In a move designed to more fairly treat borrowers whose credit reports contain collections actions and disputed debt accounts, the Federal Housing Administration has eased previous rules that would have led to large numbers of application rejections.
The agency also released guidance to lenders instructing them on how to handle “extenuating circumstances” claimed by borrowers who experienced serious economic setbacks triggered by the recession, but who are now employed, paying their bills and seeking FHA financing.
On Friday, FHA issued two mortgagee letters spelling out its new approach to widespread credit issues affecting applicants for its low down payment loans. The guidance on collections and disputed accounts (ML 2013-24) replaces controversial rules the agency first issued in early 2012.
That guidance, which required payoffs of collections or disputed accounts totaling an aggregate $1,000 or more before applicants could go to closing on an FHA loan, triggered intense criticism from lenders and community groups.
FHA subsequently withdrew the rule in June 2012, promising a future policy that would constitute a “balanced yet flexible approach to promote access to affordable credit while protecting the insurance fund.”
Critics of the rescinded rules pointed out that many consumers have disputed accounts on their credit reports that were not caused by the consumers themselves, or where they had legitimate reasons for not paying the account in full.
For example, medical bills frequently lead to disputes when bills charged for services performed exceed what was estimated upfront. Also, said critics, many disputed accounts — especially medical bills that are charged off and sold to collection agencies — end up as festering negative items on credit reports, even when the consumer had legitimate reasons for disputing the charges.
In its latest guidance, FHA appears to deliver on its promise of a more ‘balanced yet flexible’ set of standards. The new disputed account rules, which take effect Oct. 15, exclude consideration of all medical collection and charge-off accounts, and “do not require resolution” for applications to move forward.
The new rule requires that lenders document the reasons for approving a loan when the borrower has collection accounts in any amount. But if the total exceeds $2,000, the lender must undertake a “capacity analysis” designed to determine whether the borrower can handle any periodic payments that may be required to retire the debt.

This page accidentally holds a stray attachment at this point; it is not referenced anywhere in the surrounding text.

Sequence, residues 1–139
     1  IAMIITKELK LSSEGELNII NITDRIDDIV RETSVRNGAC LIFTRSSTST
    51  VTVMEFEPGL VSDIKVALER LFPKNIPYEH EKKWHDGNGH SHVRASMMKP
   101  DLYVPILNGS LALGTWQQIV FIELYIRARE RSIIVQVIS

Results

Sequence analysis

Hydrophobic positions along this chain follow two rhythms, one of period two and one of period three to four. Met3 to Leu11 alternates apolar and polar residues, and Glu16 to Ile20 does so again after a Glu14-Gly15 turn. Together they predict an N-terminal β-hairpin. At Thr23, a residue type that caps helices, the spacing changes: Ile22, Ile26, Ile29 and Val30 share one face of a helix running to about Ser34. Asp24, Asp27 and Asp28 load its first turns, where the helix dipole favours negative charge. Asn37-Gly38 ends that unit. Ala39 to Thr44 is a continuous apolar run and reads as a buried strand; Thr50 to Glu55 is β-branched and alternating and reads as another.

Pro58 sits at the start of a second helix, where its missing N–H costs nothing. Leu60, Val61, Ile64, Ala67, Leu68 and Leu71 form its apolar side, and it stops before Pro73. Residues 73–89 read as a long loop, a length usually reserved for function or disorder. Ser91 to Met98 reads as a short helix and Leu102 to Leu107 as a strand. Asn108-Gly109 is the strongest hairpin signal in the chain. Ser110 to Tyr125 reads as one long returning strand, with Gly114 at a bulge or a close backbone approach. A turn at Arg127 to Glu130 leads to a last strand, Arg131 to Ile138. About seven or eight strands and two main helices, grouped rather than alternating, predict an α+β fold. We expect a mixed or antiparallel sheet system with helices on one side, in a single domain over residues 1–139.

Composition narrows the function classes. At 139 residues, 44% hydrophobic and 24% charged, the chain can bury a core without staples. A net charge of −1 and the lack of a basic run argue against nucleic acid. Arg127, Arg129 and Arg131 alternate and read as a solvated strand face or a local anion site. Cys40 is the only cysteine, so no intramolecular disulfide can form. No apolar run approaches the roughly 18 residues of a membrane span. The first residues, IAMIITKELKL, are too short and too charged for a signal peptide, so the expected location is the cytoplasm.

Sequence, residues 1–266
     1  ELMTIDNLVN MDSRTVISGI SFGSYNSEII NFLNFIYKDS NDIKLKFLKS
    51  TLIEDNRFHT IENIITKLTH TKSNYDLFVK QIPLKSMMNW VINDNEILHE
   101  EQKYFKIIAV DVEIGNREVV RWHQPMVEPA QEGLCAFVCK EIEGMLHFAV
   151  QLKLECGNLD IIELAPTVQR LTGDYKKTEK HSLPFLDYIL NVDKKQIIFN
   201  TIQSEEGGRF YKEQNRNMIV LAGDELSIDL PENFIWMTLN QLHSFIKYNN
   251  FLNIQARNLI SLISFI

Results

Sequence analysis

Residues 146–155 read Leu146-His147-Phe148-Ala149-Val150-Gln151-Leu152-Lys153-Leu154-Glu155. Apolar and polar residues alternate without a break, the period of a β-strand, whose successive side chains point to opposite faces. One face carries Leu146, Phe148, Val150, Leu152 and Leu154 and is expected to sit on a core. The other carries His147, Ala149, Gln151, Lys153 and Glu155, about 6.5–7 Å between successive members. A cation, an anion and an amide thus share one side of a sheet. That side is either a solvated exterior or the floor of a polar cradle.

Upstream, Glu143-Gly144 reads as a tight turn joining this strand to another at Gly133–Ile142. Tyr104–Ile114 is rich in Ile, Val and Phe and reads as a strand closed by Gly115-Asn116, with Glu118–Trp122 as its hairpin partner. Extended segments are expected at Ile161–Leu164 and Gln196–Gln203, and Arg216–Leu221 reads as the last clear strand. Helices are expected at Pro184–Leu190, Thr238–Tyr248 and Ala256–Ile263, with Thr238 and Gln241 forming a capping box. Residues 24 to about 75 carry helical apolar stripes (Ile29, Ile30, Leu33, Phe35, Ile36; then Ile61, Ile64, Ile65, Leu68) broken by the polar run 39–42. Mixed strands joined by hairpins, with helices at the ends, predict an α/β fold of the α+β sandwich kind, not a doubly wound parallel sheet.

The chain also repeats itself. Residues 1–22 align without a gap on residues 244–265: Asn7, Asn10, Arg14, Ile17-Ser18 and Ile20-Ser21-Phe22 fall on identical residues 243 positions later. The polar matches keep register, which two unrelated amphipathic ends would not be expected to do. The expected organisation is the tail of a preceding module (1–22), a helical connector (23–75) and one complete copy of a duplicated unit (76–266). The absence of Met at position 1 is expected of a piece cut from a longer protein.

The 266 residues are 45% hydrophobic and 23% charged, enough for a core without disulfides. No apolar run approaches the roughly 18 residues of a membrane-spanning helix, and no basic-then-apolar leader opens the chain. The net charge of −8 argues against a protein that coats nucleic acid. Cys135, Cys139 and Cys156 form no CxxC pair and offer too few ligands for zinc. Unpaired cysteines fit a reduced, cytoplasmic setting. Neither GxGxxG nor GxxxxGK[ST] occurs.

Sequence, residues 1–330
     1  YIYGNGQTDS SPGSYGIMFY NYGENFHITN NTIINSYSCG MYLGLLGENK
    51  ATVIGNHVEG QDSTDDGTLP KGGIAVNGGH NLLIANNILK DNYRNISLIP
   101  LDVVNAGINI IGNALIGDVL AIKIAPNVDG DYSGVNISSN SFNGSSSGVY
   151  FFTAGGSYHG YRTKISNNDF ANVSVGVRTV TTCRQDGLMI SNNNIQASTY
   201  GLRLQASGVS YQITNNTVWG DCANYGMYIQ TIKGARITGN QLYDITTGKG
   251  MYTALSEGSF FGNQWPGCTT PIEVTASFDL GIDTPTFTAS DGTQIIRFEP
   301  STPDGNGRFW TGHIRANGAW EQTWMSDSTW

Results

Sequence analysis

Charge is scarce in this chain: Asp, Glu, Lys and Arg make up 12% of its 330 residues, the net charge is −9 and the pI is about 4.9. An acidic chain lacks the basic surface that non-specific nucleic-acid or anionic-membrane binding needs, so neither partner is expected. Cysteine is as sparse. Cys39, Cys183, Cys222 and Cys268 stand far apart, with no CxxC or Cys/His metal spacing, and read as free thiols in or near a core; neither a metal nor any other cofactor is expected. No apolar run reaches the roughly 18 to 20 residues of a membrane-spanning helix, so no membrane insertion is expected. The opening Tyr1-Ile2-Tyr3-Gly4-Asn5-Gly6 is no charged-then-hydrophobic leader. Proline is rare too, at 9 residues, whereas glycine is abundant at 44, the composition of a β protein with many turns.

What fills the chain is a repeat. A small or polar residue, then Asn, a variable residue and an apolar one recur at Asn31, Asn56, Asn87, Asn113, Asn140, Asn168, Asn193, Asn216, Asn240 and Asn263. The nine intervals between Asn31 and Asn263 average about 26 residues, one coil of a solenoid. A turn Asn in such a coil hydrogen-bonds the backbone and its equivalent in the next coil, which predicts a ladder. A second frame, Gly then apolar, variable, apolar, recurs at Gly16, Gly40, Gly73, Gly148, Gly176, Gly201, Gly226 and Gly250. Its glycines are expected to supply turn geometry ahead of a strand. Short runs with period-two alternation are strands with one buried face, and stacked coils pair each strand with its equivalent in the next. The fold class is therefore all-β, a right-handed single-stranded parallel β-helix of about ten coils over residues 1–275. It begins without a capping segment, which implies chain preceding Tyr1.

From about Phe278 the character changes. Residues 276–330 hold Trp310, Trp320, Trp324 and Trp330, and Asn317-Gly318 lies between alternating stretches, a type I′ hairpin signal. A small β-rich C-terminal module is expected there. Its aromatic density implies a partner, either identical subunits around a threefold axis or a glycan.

Among the possible outcomes of a capacity analysis: The applicant might pay off the collection account, or make payment arrangements with the creditor. Generally, whatever scheduled payments are due under the arrangement must be reflected in the applicant’s debt-to-income ratio calculations.
Unlike the earlier, now-rescinded guidance, the new rule treats derogatory disputed accounts separately. If the aggregate amount of disputed items on the credit report is equal to or exceeds $1,000, the lender must now manually underwrite the application. If the total balances are less than $1,000, manual underwriting — which takes more time — is not required. Disputed medical accounts are excluded from the $1,000 limit and no documentation will be required. The same exclusion applies to disputed accounts where the problem was created by identity theft, credit card theft or unauthorized use.
Court-ordered judgments against borrowers that show up in their credit files are treated differently: They’ve got to be paid off in full or there must be a written agreement detailing “regular and timely” payments to retire the debt, and documentation that at least three payments already have been made.
A second set of lender guidance (ML 2013-26) published last Friday essentially spells out FHA’s approach to “extenuating circumstances” that may have triggered steep drops in applicants’ credit scores. Far more so than conventional market investors or insurers, FHA historically has been more wiling to consider the contributing factors that make credit-impaired applicants look more risky than they really are.
The new guidelines emphasize that “FHA recognizes the hardships faced by … borrowers (hit by recession events) and realizes that their credit histories may not fully reflect their true ability or propensity to repay a mortgage.”
Extenuating circumstances are important to FHA in evaluating whether a borrower who experienced a foreclosure, short sale, deed-in-lieu, bankruptcy or other event in the past but is now employed and paying credit accounts on time should be considered eligible for a new FHA-insured loan. The new guidance offers the potential of waiving FHA’s standard waiting periods from one of these events to qualifying for a new mortgage.
Say an individual lost his job during the recession, couldn’t pay the mortgage and eventually was foreclosed upon. Under standard FHA waiting times, that person might not be eligible for a new loan for up to three years. However, if the applicant qualifies as having experienced “an economic event” — defined in the new guidance as “any occurrence beyond the borrower’s control that results in loss of employment, loss of income or both” that causes a 20 percent decline in household income for at least six months — the applicant might be qualified to obtain a new FHA-insured mortgage in as little as one year instead of three.
Ken Harney writes an award-winning, nationally syndicated column, “The Nation’s Housing,” and is the author of two books on real estate and mortgage finance.